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Passive smoking ‘damaging for kids’

London, March 5 (Reuters): Exposure to second-hand smoke in childhood causes irreversible damage to children’s arteries — increasing their risk of heart attacks or strokes when they grow up, according to a large international study published today.

The research, which lends weight to campaigns for smoking to be banned in private cars and homes, found passive smoking leads to a thickening of children’s artery walls, adding some 3.3 years to the age of blood vessels by adulthood.

“Exposure to passive smoke in childhood causes direct and irreversible damage to the structure of the arteries,” said Seana Gall, a researcher in cardiovascular epidemiology who led the study.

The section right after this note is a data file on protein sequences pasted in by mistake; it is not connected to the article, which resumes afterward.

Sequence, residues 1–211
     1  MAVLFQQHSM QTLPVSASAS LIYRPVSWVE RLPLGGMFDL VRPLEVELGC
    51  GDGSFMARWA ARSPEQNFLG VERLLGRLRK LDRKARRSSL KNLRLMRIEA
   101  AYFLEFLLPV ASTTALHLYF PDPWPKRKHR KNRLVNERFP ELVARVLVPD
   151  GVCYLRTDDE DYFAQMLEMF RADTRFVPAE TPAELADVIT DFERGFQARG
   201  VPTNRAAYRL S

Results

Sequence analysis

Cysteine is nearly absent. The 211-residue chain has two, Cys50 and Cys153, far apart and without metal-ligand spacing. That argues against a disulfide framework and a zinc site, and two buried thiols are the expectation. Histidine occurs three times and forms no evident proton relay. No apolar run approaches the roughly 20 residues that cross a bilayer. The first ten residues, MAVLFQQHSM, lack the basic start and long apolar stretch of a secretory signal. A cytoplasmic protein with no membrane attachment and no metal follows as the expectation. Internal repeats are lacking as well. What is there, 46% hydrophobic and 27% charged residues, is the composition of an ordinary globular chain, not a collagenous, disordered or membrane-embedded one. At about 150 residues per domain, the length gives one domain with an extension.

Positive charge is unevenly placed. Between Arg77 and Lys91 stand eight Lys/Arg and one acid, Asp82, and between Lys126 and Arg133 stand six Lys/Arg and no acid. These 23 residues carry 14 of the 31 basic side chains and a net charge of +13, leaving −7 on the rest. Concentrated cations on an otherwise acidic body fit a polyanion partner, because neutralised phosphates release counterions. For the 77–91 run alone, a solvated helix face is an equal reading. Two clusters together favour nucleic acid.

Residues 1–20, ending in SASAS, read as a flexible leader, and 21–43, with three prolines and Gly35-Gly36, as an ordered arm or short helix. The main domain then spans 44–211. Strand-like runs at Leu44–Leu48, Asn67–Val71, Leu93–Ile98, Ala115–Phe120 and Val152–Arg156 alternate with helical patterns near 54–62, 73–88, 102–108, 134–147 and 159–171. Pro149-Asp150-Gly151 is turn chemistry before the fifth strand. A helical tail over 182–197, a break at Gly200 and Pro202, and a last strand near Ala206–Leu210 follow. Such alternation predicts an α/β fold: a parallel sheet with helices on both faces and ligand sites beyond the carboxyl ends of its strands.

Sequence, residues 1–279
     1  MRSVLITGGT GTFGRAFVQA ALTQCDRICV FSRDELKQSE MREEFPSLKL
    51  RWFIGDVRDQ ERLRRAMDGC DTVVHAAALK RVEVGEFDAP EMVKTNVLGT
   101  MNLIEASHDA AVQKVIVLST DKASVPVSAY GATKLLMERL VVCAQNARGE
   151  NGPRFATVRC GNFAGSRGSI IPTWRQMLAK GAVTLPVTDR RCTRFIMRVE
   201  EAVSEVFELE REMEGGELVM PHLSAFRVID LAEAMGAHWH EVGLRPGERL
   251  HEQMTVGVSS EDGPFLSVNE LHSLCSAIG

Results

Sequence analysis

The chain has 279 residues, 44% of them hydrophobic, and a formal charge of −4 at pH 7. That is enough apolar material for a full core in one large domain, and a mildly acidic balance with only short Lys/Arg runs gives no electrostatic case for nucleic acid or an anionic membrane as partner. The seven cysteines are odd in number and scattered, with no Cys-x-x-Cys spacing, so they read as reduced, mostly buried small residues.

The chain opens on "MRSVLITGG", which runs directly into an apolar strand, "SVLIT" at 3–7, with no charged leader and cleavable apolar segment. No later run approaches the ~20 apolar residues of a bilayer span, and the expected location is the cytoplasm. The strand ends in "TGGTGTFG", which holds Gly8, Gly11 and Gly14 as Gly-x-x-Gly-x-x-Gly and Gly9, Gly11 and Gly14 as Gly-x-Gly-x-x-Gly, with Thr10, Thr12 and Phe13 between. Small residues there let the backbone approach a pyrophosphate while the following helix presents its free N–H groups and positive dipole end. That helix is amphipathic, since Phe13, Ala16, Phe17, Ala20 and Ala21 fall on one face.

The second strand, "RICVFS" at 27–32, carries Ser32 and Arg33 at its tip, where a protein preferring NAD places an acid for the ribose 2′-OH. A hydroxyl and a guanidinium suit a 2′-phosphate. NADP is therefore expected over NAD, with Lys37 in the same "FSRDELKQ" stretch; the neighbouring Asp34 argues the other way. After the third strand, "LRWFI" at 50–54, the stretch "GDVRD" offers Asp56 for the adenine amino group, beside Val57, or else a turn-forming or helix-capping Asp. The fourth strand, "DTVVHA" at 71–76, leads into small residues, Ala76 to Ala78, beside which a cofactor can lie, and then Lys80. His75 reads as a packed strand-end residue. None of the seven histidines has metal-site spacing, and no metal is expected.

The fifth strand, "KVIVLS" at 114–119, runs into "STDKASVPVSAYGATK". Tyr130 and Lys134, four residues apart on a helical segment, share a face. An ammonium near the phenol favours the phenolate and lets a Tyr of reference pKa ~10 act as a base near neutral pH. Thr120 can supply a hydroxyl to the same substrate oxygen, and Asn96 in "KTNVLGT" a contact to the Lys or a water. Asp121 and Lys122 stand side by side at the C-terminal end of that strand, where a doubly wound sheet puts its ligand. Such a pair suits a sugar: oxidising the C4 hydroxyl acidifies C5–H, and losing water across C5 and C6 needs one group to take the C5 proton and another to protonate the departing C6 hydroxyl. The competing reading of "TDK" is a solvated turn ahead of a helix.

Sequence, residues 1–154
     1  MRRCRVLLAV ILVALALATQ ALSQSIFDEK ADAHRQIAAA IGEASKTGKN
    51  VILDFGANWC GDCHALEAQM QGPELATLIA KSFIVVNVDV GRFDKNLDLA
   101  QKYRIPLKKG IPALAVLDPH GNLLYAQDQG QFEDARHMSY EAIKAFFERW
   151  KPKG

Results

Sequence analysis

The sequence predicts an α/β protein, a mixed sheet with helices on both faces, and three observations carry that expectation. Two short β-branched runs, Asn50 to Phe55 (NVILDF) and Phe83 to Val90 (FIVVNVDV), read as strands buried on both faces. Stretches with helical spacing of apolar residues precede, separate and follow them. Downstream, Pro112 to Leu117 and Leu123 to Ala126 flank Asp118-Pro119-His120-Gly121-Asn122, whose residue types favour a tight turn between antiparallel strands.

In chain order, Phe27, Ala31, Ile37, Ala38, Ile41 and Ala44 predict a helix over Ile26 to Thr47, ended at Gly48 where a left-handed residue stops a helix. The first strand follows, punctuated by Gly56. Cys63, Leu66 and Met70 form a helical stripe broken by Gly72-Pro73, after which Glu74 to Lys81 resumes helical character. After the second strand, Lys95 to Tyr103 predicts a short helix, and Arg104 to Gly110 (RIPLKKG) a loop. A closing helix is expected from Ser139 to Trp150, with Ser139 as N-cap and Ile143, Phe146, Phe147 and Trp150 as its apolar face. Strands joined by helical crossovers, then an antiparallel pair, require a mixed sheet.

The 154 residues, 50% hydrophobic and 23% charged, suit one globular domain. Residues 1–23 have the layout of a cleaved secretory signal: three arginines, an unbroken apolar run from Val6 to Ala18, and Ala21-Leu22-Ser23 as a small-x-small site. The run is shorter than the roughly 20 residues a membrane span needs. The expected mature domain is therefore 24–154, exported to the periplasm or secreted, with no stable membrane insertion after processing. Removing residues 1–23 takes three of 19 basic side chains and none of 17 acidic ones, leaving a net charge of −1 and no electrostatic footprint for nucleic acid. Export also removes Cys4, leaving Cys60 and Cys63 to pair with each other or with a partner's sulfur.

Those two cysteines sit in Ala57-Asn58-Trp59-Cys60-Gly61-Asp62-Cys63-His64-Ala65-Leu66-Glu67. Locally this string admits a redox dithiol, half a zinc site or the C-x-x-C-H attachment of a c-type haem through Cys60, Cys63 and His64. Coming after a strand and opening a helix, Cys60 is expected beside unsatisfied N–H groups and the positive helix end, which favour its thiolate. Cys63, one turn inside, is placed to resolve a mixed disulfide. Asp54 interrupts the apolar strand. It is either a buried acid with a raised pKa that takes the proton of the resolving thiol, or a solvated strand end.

She said parents, or even those thinking about becoming parents, should quit smoking — both to aid their own health and protect the future health of their children.

Smoking causes lung cancer, which is often fatal, and is the world’s biggest cause of premature death from chronic conditions like heart disease, stroke and high blood pressure.

On top of the 6 million people a year killed by their own smoking, the World Health Organisation (WHO) says another 600,000 die a year as a result of exposure to other peoples’ smoke — so-called second-hand or passive smoking.

Of the more than 4,000 chemicals in tobacco smoke, at least 250 are known to be harmful and more than 50 are known to cause cancer, the WHO says — and creating 100 per cent smoke-free environments is the only way to protect people fully. About 40 per cent of all children are regularly exposed to second-hand smoke at home.

 
 
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